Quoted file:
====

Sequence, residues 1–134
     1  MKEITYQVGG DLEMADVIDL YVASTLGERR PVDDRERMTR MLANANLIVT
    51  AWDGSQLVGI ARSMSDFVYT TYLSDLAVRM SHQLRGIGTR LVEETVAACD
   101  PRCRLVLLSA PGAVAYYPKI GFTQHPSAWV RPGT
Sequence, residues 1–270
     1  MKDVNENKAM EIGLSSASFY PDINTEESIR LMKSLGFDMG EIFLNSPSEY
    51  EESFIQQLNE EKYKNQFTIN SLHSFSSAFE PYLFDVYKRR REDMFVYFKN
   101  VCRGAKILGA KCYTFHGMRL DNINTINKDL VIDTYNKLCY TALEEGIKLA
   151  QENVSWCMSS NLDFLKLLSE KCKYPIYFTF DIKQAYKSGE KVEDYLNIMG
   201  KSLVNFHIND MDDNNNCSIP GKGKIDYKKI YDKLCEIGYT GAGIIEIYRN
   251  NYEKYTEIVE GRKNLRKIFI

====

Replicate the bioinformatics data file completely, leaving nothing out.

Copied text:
Sequence, residues 1–134
     1  MKEITYQVGG DLEMADVIDL YVASTLGERR PVDDRERMTR MLANANLIVT
    51  AWDGSQLVGI ARSMSDFVYT TYLSDLAVRM SHQLRGIGTR LVEETVAACD
   101  PRCRLVLLSA PGAVAYYPKI GFTQHPSAWV RPGT
Sequence, residues 1–270
     1  MKDVNENKAM EIGLSSASFY PDINTEESIR LMKSLGFDMG EIFLNSPSEY
    51  EESFIQQLNE EKYKNQFTIN SLHSFSSAFE PYLFDVYKRR REDMFVYFKN
   101  VCRGAKILGA KCYTFHGMRL DNINTINKDL VIDTYNKLCY TALEEGIKLA
   151  QENVSWCMSS NLDFLKLLSE KCKYPIYFTF DIKQAYKSGE KVEDYLNIMG
   201  KSLVNFHIND MDDNNNCSIP GKGKIDYKKI YDKLCEIGYT GAGIIEIYRN
   251  NYEKYTEIVE GRKNLRKIFI